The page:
deficient levels of erythropoietin may directly influence left ventricular remodeling and HF.11 (95% CI 0. which inhibits the ferroportin transporter and blocks iron transport from the gut and at many somatic levels. anemia was associated with the primary endpoint of time to all-cause mortality or hospitalization. reduced renal mass is associated with relative deficiency of erythropoietin. age. LVEF.16 (95% CI 1. even in those with only mildly reduced or normal renal function.21 In cardiorenal syndromes.42). salt and water retention. where either the HF NIH-PA Author Manuscript worsens kidney function (Type 2) or vice versa (Type 4).51). In general. Page 6 modified model designed to evaluate anemia as a predictor of outcomes. Discussion The current analysis provides a unique opportunity to evaluate the relationship of anemia to outcomes in stable HF patients with preserved eGFR. African American versus other race.28 Additionally. which is partially responsible for the predictable decline in erythroid mass as renal function declines. and this attenuation was greater for the global model (Model 1) than when adjusting for specific confounders of the anemia and outcomes association using Model 2 (i. 1. Reduced Hb is associated with impaired oxygen delivery. is an elevated risk state for patients with HFREF and represents a complicated clustering of modulators that are related to cardiac mortality or hospitalization. McCullough et al. available in PMC 2014 October 01.008 for cardiovascular death and heart failure hospitalization.29 Anemia may be both a contributor and a result of HF as a chronic disease state.22 In addition.e. anemia may play a role in reducing oxygen delivery. p=0.385 for all-cause death. increased LV mass is commonly associated with anemia and progressive renal failure and may be related to the impairment of cellular transport of electrolytes and oxygen which mechanical and metabolic functions.06–1. these associations were evident for the primary and secondary outcomes when the model was modified to be more specific to an evaluation of anemia. and chronic volume overload which may exacerbate HF symptoms. . the adjusted hazards ratio for anemia and the primary outcome of all cause mortality or all-cause hospitalization was 1.42). Moreover.23 Chronic kidney disease and HF have been associated with increased levels of hepcidin-25.01–1. The adjusted hazards for anemia and NIH-PA Author Manuscript the prespecified secondary outcomes were 1. and 1. all the unadjusted hazards for trial endpoints were elevated for those with anemia. ischemic etiology of HF. p=0.87–1. There were no indications of competing risks given the similar follow-up times for those with and without anemia NIH-PA Author Manuscript (median 30 months for each. For both the original predictive model developed for the primary endpoint and the modified model. Although the association with other trial outcomes were non-significant in the global model. thus impairing myocardial contractility and systolic performance. diabetes mellitus. Table 2). p=0. p<0. anemia is associated with increased markers Clin Cardiol.001.25 (95% CI 1. These data are consistent with the notion that anemia. Author manuscript. female gender. and eGFR).28 It has been reported in clinical trials and observational studies that patients with the lowest Hb values have higher physician assigned NYHA class and worse HF symptoms.10–1. anemia has been consistently associated with higher rates of hospitalization for heart failure and other causes as well as all-cause mortality in those with HF.19 20 Anemia can be considered a manifestation of the chronic cardiorenal syndrome.33).27 (95% CI 1. All of these analyses demonstrated attenuation of the measure of association with adjustment.035 for cardiovascular death or cardiovascular hospitalization.24 In addition. 25 Lastly.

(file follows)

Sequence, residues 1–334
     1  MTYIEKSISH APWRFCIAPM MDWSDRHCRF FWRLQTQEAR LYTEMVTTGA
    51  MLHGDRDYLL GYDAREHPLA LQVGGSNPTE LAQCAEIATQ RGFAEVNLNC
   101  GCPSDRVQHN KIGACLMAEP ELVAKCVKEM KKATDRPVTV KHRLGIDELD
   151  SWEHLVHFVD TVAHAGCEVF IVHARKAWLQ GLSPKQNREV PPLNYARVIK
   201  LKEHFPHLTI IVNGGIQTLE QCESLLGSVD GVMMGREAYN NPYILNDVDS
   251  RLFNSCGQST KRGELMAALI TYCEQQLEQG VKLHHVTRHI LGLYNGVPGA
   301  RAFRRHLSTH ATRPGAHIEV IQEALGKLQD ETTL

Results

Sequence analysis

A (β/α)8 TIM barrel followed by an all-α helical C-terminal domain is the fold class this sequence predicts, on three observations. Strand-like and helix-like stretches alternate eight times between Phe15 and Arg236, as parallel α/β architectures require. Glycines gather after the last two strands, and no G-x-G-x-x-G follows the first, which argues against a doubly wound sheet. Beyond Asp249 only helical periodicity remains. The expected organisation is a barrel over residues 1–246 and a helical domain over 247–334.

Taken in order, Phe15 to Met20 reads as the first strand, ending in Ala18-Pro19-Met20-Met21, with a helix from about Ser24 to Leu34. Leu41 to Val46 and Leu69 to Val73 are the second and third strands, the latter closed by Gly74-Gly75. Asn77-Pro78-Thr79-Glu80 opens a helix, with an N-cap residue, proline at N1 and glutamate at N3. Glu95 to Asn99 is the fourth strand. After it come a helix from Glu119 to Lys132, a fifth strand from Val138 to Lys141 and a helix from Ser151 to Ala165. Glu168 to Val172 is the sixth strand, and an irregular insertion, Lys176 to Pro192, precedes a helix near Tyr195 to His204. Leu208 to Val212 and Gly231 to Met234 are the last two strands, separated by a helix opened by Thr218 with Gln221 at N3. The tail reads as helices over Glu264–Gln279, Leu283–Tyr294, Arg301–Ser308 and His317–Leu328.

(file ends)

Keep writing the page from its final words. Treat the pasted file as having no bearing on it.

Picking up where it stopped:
and oxidative stress or other biomarkers to elucidate the pathophysiologic mechanisms relating chronic failure of the heart.31 The annual mortality rate in HF ACTION was < 10%. inflammation. Because NIH-PA Author Manuscript subjects were restricted to having systolic HF. we cannot generalize our findings to those with more modestly reduced LVEF (36–45%) or to those with preserved systolic function. even at higher levels of eGFR at baseline is independently associated with an array of adverse outcomes including cardiac and all-cause hospitalization. emergency department visit. contributing to death. which both have limitations.28 NIH-PA Author Manuscript Our study adds to the literature in demonstrating that anemia. vitamin B12. or urgent clinic visit for heart failure exacerbation. Thus. anemia. for the higher morbidity and mortality associated with anemia in HFREF that we reported in HF-ACTION and has been observed in other studies. and in some NIH-PA Author Manuscript circumstances. Furthermore. CKD. and a greater susceptibility to event-driven mortality over the natural history of HF. Lastly. 8% for anemia or CKD. We did not have baseline hemoglobin or creatinine values on all the subjects in the trial. available in PMC 2014 October 01. folate. and death due to heart failure or other cardiac causes. Selection bias for entry into the trial of exercise training yielded a younger and more robust group of HF patients able to exercise which may not represent those commonly seen in clinical practice. complications with invasive procedures. serum iron indices. Hb values were missing in 24% of the cases and were imputed in order to be included in the preconstructed Clin Cardiol. Hemoglobin and SCr values were obtained from clinical records and not measured in a core laboratory. and kidneys. we did not measure arterial blood gases. senescent decline in both bone marrow and renal function may play a role in cardiac adverse events precipitating hospitalization. differences in assay types and standardization probably contributed to variation in eGFR.29 30 Herzog and colleagues found among Medicare recipients not on dialysis. . We did not have a background history of prior anemia or its treatments including iron or erythrocyte stimulating agents. 13% for HF.36 The current analysis provides results from two models. Thus. this is a subgroup that has both measures recorded on the case report form up to one year prior to randomization. Model 1 was derived a priori from the complete cohort. and 23% for all three conditions in the same patient population. and reduced renal function may identify a particularly frail population that is more prone to medication adverse events. both in community populations and clinical trials.26 27 Collectively. that the annual mortality rates were: 4% for those with no HF.32 33 Our findings suggested that investigator reported adverse events related to the heart were more frequent in those with anemia. We recognize that both renal filtration function and older age are important confounders in the relationship between anemia and poor outcomes. Page 7 of inflammation and oxidative stress. McCullough et al. thus. we did not have measures of iron transport. suggesting selection bias for the trial significantly reduced generalizability and may have reduced the relative impact of anemia on survival. Finally. the triad of older age. bone marrow. Author manuscript.34 35 Limitations Our study has all the limitations of a post-hoc analysis from a large randomized trial. these pathologic changes may be responsible. or erythropoietin precluding the etiology of anemia.